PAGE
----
He felt it was pretty obvious what he needed to do now but took one more look around. The surroundings had returned to their previous serene state, there was no hint that there ever was a storm here, and the bird had disappeared into the mists.
With that one last look, Leon smiled, sat down in the chair, and closed his eyes.
Leon felt himself lying down on hard rock. The air was cool, and he felt the heat of the sun on his skin. His body felt both drained of magical power but also filled with great strength. His eyes were closed, and he couldn’t quite summon the willpower to open them.
He lay there for quite a while, an hour or two, he guessed. All he did was enjoy the feeling of the sun and quietly breathe. When his eyes finally opened, he found himself back at the top of the Storm Titan’s Mountain. The peak next to the platform had been shattered, leaving it half as tall as it had been before, and there were more than a few burns around him. All signs of the magic array were gone, save for a few blackened lines, and there were puddles in the shallow pits of the stone.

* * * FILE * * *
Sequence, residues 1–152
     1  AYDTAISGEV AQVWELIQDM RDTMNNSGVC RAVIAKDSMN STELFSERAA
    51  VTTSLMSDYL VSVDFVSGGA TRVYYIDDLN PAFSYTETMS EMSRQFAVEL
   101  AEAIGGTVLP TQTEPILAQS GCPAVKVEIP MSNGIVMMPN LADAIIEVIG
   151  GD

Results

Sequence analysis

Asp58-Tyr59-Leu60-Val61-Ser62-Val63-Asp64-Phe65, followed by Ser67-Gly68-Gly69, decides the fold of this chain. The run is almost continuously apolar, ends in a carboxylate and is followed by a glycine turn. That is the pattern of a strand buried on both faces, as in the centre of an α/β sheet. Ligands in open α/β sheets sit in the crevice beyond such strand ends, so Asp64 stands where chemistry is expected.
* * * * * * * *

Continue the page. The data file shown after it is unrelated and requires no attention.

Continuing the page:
Artorias was sitting on the edge of the platform, looking out over the forest, when he noticed that Leon had finally woken up. He breathed a sigh of relief, allowing his tension of the past night to dissipate. He got up, as calmly as he could, and walked over to his son.
“How do you feel, little lion?”
It took Leon a few moments to really process what he was asking, before giving an uncertain reply. “All right, I guess. Very tired.”